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ISLAMABAD: The complexities and absurdities of human nature were portrayed in two comedies performed back to back by the Theatre Wallay troupe on Saturday night.

Both one-act plays were adaptations of the works of short story writer Anton Chekhov, specifically The Proposal and The Bear.

The performances were directed by Theatre Wallay’s Fizza Hasan, who founded the non-commercial group of artists over 10 years ago.

Ms Hasan said Chekhov has always been a personal favourite.

“No other writer explores the depths of contradictions in human nature better than the Russian playwright,” she said.

The Proposal is about Ivan Vassiliyitch Lomov, long-time neighbour of Stepan Stepanovitch Chubukov, who comes to propose to Chubukov’s 25 year old daughter Natalia.

After he has asked and received permission to marry Natalia, she is invited into the room where he attempts to propose to her.

While trying to explain his reason for being there, Lomov gets into an argument with Natalia over a disputed piece of land, which gives him palpitations and numbness in his left leg.

After Chubukov notices the argument, he joins in and sends Lomov away, but when Natalia learns the purpose of Lomov’s visit she begs her father to bring him back.

When he returns, they once again begin arguing, and Lomov collapses from exhaustion, leading the father and daughter to believe he is dead.

When he regains consciousness, Chubukov forces Natalia to accept the proposal, and immediately after they are engages they once again begin arguing.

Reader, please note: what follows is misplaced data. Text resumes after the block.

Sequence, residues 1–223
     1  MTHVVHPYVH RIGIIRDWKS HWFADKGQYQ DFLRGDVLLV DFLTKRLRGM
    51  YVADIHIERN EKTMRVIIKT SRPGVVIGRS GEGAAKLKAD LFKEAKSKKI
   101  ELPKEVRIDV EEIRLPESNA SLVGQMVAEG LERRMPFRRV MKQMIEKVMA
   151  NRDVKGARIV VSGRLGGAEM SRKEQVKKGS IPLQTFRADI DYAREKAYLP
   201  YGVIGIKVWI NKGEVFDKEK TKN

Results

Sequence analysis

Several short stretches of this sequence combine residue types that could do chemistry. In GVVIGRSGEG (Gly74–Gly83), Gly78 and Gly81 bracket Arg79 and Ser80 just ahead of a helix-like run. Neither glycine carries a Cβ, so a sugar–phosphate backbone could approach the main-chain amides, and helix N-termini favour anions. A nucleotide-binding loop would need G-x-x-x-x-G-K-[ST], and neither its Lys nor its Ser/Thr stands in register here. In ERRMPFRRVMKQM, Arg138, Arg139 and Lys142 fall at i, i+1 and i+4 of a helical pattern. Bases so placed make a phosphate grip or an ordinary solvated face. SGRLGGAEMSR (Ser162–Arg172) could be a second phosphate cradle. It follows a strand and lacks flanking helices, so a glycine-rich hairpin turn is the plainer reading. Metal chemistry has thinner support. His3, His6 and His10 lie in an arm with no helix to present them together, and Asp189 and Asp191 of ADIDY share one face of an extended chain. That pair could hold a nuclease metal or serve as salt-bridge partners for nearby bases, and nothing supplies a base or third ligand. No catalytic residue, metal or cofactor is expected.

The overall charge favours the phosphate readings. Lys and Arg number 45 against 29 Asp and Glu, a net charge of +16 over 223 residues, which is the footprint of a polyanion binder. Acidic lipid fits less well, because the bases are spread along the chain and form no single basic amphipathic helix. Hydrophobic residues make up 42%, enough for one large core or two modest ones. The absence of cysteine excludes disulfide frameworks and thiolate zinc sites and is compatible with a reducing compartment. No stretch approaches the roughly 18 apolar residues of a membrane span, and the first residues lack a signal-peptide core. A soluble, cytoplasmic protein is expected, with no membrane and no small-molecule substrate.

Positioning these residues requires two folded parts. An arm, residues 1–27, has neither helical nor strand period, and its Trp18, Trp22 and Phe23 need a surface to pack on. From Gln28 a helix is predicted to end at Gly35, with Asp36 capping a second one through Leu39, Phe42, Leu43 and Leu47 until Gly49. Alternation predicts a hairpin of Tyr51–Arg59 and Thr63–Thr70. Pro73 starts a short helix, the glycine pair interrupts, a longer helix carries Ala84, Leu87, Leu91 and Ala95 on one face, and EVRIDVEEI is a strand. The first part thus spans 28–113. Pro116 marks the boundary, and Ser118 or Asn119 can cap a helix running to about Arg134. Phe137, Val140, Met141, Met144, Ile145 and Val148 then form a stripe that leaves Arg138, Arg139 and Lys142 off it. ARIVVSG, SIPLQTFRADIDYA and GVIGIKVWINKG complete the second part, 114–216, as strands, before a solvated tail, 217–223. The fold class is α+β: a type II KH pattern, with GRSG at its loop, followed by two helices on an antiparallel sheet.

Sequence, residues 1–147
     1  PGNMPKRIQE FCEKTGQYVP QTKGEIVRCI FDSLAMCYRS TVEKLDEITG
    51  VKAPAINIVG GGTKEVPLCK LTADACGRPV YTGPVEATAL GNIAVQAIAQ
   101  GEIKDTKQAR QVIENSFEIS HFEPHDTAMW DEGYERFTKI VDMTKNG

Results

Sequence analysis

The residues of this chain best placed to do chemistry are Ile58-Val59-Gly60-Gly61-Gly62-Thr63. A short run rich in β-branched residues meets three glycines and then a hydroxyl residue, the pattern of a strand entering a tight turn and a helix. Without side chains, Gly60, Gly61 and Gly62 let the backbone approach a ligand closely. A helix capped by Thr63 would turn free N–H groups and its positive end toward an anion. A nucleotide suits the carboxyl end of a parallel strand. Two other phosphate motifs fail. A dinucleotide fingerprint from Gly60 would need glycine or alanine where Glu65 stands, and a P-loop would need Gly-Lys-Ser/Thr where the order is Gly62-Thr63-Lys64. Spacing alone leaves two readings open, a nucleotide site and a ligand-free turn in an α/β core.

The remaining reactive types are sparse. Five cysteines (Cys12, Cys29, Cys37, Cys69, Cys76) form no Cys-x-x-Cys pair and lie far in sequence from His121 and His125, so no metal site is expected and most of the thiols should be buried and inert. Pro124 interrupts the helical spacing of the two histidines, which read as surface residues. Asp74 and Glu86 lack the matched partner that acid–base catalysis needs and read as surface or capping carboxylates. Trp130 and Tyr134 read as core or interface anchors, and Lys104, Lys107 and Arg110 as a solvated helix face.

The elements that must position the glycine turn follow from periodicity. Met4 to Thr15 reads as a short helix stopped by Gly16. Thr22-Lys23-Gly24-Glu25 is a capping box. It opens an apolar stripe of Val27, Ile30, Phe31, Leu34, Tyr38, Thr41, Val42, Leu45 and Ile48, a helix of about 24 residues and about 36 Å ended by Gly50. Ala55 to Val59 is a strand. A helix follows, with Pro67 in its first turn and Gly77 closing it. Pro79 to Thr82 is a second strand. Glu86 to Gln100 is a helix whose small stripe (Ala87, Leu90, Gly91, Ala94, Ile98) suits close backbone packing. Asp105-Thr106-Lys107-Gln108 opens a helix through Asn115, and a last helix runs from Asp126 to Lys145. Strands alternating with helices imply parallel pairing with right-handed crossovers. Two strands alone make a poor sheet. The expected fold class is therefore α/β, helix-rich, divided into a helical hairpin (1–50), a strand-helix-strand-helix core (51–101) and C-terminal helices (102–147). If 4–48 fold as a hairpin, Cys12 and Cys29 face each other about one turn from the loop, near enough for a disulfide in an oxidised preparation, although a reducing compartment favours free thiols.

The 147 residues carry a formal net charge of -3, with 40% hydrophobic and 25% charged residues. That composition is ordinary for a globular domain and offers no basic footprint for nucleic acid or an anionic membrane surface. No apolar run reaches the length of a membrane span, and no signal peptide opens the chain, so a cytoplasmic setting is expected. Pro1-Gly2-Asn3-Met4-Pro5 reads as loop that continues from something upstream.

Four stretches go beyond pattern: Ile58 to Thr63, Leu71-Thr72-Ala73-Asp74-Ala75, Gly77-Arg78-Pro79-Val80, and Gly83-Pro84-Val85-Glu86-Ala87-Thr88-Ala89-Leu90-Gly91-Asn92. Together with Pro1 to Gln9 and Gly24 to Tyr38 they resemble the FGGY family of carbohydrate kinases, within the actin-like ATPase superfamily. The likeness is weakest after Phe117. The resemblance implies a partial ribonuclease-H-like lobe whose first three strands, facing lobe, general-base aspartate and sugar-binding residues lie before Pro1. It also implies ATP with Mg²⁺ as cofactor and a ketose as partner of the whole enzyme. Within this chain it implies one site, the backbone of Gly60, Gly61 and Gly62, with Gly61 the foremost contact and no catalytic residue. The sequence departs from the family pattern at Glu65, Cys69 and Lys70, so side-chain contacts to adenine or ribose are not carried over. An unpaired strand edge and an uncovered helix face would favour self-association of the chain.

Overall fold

The second performance, The Bear, begins with Smirnov intruding into the life of Popova while she mourns her husband’s death.

Smirnov insists on immediate repayment of a sum of money Popova’s husband had borrowed, and loses his patience when she asks him to return in two days.

Both flare up, with Popova calling Smirnov a bear because of his ill manners and Smirnov challenging her to a duel, which, to his surprise, she accepts and after which he falls in love with her.

The set for the performance was simple, with a sofa, a rug, a table and some pottery. Most of the six actors were young teachers.

Nida Mahmud, who played Popova, loved the character because of her contradictions.

“I like her because she is confused, idealistic and naive. She wants closure but is shut up in her house.”

“That’s the thing about Chekhov – rather than the plot, his plays are more about human characters and he puts them in a situation and lets them interact. That’s where the absurdity of human nature is revealed,” Ammar Khalid, who played Smirnov, added.

Ms Mahmud and Shafaq Malik gave deeply touching performances, and Anza Manto’s likability added humour to the performances.

Mr Khalid and Haseeb Ali Chisti were also comfortable on stage and Mr Chishti brought out the nuances of his character, while Imran Iftikhar’s performance felt spontaneous. The performances were held at Awan-i-Quaid in F-9 Park.

One of the audience members, Javed Nazir, said: “I’m not much of a theatregoer, but it seemed like the organisers had limited resources and still did an amazing job.”

His friend, Tanvir Mahmud, called the play excellent.

Maliha Anjum, also in the audience, said she enjoyed the performance and some of the new faces on stage.

Published in Dawn November 21st, 2016